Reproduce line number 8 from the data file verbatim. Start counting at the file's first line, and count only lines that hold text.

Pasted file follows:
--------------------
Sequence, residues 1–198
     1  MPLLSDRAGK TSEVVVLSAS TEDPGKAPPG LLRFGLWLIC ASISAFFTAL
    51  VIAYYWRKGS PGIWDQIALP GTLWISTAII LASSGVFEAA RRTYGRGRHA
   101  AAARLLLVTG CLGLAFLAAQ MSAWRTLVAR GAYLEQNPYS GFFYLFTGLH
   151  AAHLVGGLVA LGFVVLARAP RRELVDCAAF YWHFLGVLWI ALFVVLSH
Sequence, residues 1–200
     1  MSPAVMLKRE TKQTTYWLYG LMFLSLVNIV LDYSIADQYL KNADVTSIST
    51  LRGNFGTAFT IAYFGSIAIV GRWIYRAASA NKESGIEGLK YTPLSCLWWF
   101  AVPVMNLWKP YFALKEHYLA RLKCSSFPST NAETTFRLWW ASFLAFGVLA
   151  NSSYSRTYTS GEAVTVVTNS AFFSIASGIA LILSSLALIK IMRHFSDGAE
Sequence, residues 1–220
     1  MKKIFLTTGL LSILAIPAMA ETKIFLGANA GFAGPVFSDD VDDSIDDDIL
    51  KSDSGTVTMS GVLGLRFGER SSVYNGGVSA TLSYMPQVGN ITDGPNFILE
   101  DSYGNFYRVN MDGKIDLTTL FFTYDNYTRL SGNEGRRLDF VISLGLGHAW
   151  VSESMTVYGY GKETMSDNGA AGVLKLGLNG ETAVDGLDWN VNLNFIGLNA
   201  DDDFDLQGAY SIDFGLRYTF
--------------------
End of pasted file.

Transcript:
    51  LRGNFGTAFT IAYFGSIAIV GRWIYRAASA NKESGIEGLK YTPLSCLWWF